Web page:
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Blog » Asymmetries in scientific fields

26 May 2005

Asymmetries in scientific fields

Filed under: Physics, Studies — paulcook @ 8:40 pm

I’ve just finished reading Michelle’s candidacy report, on some of the research she’s been doing into catalysts for certain reactions in organic chemistry. It’s highlighted for me some of the differences between different fields of research — and in particular, between theoretical physics, and the more experimental work that most other people at Caltech do.

Michelle’s report was very easy to read. That’s partially because it’s well written, but I’d say it’s also because the difficulty is in a different place to that of papers that I’m used to reading. “Reading” a longish string theory paper can take literally months — and even then, I can’t claim to understand everything that is being said. Reading Michelle’s report took a few hours, and while I didn’t understand all the jargon, I think I got the gist of the issues and approach that her research took.

On the other hand, having read Michelle’s report has brought me no nearer to actually being able to synthesise anything more interesting than a bowl of pasta and sauce. “Reading” the string theory paper, however, has involved working through the mathematics behind each step, at great length — sometimes hours for a single line. So once I’m finished, I’ve done a substantial portion of the work that was required to write the paper in the first place. The analogy would be me reading Michelle’s paper, and then making some of the reagents too — and that would take months too.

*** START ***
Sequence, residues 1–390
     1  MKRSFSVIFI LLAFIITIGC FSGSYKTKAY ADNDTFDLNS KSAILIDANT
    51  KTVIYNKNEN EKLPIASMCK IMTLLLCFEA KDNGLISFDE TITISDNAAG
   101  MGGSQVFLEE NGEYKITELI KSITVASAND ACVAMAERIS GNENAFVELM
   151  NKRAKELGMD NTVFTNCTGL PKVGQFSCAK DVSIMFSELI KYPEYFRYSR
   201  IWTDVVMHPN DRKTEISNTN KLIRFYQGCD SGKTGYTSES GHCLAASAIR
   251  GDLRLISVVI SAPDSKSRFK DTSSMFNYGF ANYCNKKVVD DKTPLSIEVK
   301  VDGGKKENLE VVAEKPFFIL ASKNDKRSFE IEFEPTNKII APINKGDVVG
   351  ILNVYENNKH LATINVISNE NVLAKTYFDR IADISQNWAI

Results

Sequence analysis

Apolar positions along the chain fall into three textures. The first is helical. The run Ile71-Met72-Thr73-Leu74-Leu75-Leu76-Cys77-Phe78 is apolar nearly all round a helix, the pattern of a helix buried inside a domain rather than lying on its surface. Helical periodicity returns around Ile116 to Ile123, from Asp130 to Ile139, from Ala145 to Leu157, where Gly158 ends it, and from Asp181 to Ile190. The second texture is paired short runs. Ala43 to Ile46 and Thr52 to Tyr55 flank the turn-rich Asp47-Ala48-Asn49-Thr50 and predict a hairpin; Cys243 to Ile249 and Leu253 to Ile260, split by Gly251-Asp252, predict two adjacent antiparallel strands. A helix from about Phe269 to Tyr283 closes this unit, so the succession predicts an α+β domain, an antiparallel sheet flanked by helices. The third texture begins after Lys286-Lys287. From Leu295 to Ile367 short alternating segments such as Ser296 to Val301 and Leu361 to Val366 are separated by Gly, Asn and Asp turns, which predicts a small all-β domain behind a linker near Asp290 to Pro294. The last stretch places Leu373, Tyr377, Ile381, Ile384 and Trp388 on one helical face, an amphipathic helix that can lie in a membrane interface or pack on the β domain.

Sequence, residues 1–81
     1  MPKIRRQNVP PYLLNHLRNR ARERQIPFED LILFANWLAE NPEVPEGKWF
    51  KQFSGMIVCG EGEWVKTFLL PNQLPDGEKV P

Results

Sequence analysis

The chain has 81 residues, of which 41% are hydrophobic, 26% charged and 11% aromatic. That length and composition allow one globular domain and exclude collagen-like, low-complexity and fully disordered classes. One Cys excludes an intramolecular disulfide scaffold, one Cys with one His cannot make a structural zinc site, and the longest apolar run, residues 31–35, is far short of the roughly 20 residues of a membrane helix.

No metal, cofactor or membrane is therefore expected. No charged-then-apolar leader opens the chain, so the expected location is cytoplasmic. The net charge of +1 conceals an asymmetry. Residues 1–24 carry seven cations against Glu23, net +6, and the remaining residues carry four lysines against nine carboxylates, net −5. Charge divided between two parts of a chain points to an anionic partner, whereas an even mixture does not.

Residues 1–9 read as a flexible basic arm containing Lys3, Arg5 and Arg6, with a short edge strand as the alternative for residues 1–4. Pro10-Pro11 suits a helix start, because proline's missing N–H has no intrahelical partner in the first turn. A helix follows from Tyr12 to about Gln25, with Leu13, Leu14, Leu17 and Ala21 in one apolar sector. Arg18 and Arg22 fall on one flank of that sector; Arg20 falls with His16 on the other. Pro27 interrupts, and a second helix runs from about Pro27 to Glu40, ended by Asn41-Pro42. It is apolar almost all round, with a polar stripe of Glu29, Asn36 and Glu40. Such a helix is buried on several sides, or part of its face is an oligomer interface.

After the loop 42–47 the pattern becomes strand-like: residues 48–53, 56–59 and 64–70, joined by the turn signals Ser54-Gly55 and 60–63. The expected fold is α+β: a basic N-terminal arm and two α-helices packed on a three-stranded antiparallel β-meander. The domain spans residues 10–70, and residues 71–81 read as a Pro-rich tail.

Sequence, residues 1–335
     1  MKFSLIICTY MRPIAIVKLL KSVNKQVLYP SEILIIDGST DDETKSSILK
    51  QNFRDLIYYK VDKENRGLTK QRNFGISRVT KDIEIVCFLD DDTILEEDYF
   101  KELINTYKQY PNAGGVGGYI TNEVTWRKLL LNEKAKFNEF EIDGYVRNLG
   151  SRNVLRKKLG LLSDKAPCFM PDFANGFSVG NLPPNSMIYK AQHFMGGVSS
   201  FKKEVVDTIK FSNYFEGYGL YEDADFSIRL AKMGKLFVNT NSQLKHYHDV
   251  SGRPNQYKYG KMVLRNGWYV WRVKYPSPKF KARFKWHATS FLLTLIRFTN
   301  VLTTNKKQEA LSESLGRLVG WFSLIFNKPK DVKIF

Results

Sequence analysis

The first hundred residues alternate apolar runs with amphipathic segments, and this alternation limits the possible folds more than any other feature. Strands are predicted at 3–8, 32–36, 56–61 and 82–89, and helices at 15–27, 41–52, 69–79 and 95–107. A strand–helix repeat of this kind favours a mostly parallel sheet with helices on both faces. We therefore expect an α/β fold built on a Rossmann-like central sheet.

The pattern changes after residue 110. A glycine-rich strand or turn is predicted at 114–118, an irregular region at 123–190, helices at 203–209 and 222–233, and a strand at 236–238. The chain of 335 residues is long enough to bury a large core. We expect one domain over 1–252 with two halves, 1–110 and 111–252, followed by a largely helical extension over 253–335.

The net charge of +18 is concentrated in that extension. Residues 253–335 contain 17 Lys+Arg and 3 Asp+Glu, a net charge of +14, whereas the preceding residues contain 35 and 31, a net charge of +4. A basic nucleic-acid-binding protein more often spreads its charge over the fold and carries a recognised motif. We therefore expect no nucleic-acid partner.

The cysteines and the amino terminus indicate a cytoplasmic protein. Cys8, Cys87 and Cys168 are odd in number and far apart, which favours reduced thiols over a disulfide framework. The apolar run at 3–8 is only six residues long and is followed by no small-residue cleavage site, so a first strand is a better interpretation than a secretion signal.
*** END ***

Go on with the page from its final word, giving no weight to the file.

I think this asymmetry in paper content goes a long way towards explaining another huge asymmetry between fields, namely the path of progress toward a PhD. In the case of Michelle, and most other grad students, the work they’re doing is probably what their eventual thesis is going to discuss. String theorists, on the other hand, only work on their actual thesis topic for maybe a little over a year, right at the end. I went to a string theory thesis defense last week, and the speaker had worked on three very different topics over the course of his five years — one in third year, another in fourth, and the thesis topic in fifth year.

How can this be? I’d suggest that reading even unrelated theory papers is not unlike conducting experiments in other fields. One is developing the mathematical tools and approaches that will be needed later. Once a string theorist can read any current paper in the field at least relatively quickly, then it’s a small step to starting with an idea, and then carrying out the same steps of working through the logic — only this time, one is writing a paper.

There’s no real moral to this post; I just find it interesting how superficially similar scientific disciplines can hold their real complexity in so very different areas. I may have a lot more to say about complexity shortly — just as soon as my current workload lets up enough to give me time to write some more blog posts!



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